For 'Godzilla,' size was all that mattered The most monstrous thing about the heavily hyped flop was its makers' greed and cynicism.

June 07, 1998|By Ann Hornaday | Ann Hornaday,SUN FILM CRITIC

The critics have ranted against it, the filmgoers have flamed it, it's tanking at theaters as we speak. But even though "Godzilla" seems to be getting its due out there in the world, something more is in order.

Something like, well, moral outrage.

Because even though it looks as though justice is being served in the marketplace, it's not. After all, the film's stars were handsomely paid to stand in front of a blue screen and pretend to be scared. Dean Devlin and Roland Emmerich, who co-produced and co-wrote "Godzilla," took their money and will live to make movies another day. Sony Entertainment, the parent company of the film's distributor, Tristar Pictures, will most likely break even on its investment, albeit after a few sleepless nights (they just sold the broadcast rights of "Godzilla" to NBC for a piddling $25 million, at least $10 million less than they had planned).

Who's left holding the bag? Theater owners, for starters.

In May, it was reported that Sony had originally demanded that exhibitors - who opened "Godzilla" on a record 7,363 screens - cough up an extra 10 percent of their box office receipts during the film's first week out. Although the big multiplex chains were able to negotiate Sony back down to the usual cut (a common arrangement is for the studio to get 70 percent of the take the first week, 60 percent the second week, 50 percent the third week and so on), many independently owned theaters were stuck forking over 80 percent of that first week's take to Sony.

In other words, Sony - knowing it had a sub-par performer on its hands and knowing that attendance would fall off precipitously after word got out - tried to cut its losses on the backs of the theater owners, who had nothing else to play because no other film would compete with such a highly hyped movie.

Then there are the 220 companies that signed expensive licensing agreements to make "Godzilla" merchandise, and the thousands of retailers committed to sell it.

It's difficult to find sympathy for people who make jogging pants out of petroleum-based fabrics, but this is an exception: First they had to promise not to bring out any products before "Godzilla" opened (Tristar's marketing campaign was to keep the lizard under wraps until show time), kissing between 20 percent and 30 percent of their profits goodbye.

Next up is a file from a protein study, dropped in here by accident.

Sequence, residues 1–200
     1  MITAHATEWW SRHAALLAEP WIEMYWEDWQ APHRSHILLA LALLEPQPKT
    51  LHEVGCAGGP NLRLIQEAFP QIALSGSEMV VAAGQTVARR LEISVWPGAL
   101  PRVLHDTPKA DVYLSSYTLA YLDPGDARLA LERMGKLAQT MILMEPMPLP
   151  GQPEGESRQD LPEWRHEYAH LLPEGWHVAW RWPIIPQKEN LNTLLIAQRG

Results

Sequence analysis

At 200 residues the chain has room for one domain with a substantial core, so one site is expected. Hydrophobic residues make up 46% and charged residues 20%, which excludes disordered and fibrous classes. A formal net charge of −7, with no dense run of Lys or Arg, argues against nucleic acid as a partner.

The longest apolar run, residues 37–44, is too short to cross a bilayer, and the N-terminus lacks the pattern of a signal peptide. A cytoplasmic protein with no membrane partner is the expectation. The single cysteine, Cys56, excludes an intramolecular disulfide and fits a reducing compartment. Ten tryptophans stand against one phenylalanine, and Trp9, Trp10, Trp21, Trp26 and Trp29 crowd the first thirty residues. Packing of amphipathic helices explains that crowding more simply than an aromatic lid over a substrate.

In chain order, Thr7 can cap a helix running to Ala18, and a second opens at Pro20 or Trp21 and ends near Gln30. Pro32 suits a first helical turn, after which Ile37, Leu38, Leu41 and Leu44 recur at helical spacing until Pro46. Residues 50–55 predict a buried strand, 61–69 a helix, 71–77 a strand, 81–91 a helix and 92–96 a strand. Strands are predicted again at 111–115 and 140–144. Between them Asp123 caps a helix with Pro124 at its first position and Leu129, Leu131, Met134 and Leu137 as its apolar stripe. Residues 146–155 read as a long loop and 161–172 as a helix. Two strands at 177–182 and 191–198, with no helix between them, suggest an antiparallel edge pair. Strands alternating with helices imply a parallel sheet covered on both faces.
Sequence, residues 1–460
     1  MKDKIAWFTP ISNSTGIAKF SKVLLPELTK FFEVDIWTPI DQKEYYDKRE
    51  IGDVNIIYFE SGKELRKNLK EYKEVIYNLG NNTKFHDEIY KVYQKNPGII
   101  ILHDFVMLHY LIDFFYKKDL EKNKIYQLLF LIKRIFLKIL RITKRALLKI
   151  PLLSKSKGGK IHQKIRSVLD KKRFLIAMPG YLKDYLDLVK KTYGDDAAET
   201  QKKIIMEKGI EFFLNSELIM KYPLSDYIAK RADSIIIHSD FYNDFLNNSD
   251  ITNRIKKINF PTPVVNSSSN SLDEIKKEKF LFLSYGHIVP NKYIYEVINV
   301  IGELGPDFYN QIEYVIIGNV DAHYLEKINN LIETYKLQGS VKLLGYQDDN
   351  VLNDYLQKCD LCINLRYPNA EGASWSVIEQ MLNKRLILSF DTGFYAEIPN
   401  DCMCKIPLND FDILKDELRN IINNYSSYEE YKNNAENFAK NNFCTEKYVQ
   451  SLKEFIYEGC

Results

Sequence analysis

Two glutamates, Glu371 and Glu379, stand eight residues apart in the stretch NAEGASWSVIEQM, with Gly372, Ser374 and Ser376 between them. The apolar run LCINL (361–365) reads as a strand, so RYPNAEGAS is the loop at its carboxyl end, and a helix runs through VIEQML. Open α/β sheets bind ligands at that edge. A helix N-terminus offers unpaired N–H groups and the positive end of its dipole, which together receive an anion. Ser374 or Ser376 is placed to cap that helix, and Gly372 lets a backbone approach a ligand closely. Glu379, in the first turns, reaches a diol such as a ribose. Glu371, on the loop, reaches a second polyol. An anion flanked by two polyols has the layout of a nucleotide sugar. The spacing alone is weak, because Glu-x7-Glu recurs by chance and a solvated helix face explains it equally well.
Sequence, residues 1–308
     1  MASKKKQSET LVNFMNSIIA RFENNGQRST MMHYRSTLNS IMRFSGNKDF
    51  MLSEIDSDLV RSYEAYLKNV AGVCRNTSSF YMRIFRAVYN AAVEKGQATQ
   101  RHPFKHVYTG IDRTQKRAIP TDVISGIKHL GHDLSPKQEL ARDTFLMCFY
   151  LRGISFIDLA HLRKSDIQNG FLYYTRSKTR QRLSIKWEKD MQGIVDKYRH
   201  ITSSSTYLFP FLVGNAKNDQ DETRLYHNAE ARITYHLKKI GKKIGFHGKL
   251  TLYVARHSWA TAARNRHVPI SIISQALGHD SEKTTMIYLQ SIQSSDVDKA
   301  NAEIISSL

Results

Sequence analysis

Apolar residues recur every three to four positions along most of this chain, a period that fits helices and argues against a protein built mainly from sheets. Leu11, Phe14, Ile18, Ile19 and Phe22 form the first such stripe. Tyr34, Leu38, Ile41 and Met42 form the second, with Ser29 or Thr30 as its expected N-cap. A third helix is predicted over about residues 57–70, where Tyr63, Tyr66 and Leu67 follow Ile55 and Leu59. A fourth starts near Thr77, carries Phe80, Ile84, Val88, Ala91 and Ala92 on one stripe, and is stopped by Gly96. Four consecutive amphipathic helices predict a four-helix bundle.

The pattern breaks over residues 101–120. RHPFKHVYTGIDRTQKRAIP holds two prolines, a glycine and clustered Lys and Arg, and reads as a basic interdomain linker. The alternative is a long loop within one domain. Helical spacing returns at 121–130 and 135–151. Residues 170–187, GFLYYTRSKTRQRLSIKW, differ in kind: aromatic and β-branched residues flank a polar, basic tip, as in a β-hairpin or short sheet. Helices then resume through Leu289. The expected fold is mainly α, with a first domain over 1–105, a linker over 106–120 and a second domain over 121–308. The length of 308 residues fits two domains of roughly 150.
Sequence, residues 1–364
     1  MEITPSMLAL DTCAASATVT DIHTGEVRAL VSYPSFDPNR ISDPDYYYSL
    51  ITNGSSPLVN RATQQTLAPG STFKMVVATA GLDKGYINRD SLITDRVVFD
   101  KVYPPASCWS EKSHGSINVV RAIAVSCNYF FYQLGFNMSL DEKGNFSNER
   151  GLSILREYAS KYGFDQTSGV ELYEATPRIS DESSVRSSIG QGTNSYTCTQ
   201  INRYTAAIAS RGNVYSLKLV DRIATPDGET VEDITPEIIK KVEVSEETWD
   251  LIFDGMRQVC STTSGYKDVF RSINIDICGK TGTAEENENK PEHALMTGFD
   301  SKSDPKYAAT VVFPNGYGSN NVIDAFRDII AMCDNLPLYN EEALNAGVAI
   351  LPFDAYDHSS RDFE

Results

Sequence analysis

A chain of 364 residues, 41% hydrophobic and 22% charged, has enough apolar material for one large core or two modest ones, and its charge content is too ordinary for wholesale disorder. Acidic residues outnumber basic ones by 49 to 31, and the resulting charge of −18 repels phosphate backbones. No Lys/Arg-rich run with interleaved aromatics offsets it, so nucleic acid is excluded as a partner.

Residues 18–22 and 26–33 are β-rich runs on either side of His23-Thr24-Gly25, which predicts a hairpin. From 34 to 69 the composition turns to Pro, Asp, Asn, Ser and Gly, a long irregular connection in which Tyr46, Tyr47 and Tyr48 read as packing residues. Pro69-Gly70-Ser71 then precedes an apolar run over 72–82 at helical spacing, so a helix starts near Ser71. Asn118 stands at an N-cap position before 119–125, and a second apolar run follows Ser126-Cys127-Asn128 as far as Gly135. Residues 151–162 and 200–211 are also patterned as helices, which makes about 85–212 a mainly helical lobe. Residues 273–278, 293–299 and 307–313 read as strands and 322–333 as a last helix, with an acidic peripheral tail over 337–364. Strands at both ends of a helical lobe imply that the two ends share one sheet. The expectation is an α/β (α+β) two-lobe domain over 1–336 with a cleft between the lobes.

Now, they're faced with warehouses full of backpacks, Koosh balls, motorized lollipop holders (don't ask) and thousands of other "Godzilla" tie-ins that they have to sell while "Godzilla" is still in theaters - a tiny window of time.

It's true that merchandisers know the risks of hitching their names - and economic fate - to the fickle entertainment market. But something about "Godzilla" smells different. It cost $120 million to make "Godzilla." Between Sony's $50 million marketing campaign for the movie and the $150 million spent in cross-promotions, it cost $200 million to promote it. In other words, the filmmakers socked more money into hyping the movie than into making it. (Marketing budgets are usually half the amount of production budgets.)

We live in an era when the trailers for movies have the same entertainment value as the movies themselves. The same thing happened with "Independence Day," Devlin and Emmerich's last outing, in which they employed many of the same hype strategies they brought to bear on "Godzilla" - a marvelous trailer that played early and often, a canny billboard campaign and ingenious television advertising.

The difference is, with "Independence Day" they delivered. With "Godzilla" they were content to type some dialogue, warm over a few scenes from "Jurassic Park" and rely on the computer guys to create the emotional heat they were too lazy to create themselves. Their "brilliant" campaign to keep the monster a secret turned out to conceal the fact that Godzilla was kind of dull. In early May those computer guys were working around the clock to make the monster look better than a lizard in a T. Rex costume.

The scenario recalls another big-budgeted disaster movie that looked as if it was going to sink last year. But rather than rush "Titanic" to make its opening date, that film's director, James Cameron, put his own paycheck on the line to buy six extra months of shooting.

Maybe if the filmmakers had been more interested in movies than in motorized lollipop holders, "Godzilla" wouldn't be limping so badly on its big, webbed feet. As Martin Brochstein, executive editor of the New York-based trade newsletter the Licensing Letter, points out, the movies that have made the most money at the box office recently - "Men In Black," "Independence Day" and "Titanic" - did not entail huge licensing tie-ins.

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